Researchers at St. Jude Children's Research Hospital and the Hong Kong-based Chinese University have shown that a common small nucleotide polymorphism (SNP) is associated with an increased risk of stroke in cancer survivors treated with cranial radiotherapy (CRT). The results were presented at the Annual Meeting of the AACR in 2019 (GA, USA, March 29 to April 3) and have implications for future intervention approaches.
Previous research has shown that the risk of stroke increases six-fold for survivors treated with between 30 and 50 Gy of CRT compared with survivors who do not receive any. Treatment with more than 50 Gy increases the risk by 11 times.
Yadav Sapkota, the study's lead author, commented: "The risk of stroke seems to vary within the same dose group of CRT, even after accounting for other clinical and demographic factors. This has indicated to us that there may be genetic predisposition that influences the risk of a survivor exposed to CRT from developing stroke. "
The team analyzed complete genome sequencing data from 686 cancer survivors of European descent who had been treated with CRT and were part of the SJLIFE study. 116 stroke developed.
Analysis revealed that exposure to CRT combined with a common SNP at the 5p15.33 locus increased the risk three-fold compared to those without the SNP. The dose of CRT also mattered – the combination of the SNP with 25-50 Gy further increased the risk of stroke to five times.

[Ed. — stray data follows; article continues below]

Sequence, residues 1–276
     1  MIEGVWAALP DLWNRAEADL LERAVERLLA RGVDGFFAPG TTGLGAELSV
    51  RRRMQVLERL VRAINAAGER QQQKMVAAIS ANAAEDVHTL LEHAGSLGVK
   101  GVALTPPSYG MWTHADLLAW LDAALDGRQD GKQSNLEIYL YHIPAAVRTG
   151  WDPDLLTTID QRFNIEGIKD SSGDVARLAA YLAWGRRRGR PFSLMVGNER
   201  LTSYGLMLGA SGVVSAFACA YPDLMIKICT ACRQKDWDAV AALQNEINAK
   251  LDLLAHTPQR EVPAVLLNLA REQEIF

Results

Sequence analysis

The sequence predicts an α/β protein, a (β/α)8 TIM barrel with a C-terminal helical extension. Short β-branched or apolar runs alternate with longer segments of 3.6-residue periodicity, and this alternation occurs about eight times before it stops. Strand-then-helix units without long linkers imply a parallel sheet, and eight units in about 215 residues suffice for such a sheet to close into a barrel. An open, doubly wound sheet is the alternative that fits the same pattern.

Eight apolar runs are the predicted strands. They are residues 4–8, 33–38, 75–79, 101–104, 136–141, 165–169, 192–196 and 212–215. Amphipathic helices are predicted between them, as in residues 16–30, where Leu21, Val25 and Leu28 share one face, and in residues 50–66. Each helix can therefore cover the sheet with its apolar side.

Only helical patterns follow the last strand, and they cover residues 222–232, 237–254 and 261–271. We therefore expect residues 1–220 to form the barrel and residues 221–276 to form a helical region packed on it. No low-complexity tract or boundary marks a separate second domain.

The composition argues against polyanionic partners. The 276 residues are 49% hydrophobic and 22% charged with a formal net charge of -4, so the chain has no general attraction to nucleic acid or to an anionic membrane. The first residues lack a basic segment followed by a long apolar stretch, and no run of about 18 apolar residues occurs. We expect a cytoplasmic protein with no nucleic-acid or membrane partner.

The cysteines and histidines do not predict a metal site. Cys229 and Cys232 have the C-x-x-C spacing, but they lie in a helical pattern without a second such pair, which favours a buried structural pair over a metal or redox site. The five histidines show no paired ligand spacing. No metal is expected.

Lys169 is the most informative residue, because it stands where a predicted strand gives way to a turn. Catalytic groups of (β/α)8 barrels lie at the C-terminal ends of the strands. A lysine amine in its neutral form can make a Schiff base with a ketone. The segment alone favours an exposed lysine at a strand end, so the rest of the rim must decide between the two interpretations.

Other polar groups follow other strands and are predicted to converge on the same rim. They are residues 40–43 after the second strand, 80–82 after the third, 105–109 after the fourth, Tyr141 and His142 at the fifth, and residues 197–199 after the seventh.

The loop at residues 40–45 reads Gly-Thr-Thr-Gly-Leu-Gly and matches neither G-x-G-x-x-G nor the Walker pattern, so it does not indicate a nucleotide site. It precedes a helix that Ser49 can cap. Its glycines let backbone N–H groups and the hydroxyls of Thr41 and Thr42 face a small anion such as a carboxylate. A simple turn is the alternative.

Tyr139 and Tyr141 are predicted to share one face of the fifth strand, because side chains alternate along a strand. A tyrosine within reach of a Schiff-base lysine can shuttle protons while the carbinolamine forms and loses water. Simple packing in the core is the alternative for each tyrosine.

"We found that the common SNP had the most pronounced effect on the risk of stroke after an intermediate dose of radiation," Sapkota noted. "While survivors treated with more than 50 Gy of radiation still have an increased risk of stroke if they carry the PNS, we assume that higher doses of radiation will replace the influence of genetics."
The results were replicated in two independent groups of the SJLIFE study. One group included survivors of African descent and one survivor of European descent who did not undergo CRT. These results confirm that the risk of developing stroke is a combination of genetic and CRT treatments.
"Survivors treated with CRT who carry this genetic variant can benefit from being monitored and advised to minimize their modifiable cardiovascular risk factors," concluded Sapkota.
Validation in additional cohorts is now required in addition to research into the mechanisms underlying the link between this SNP and the risk of stroke.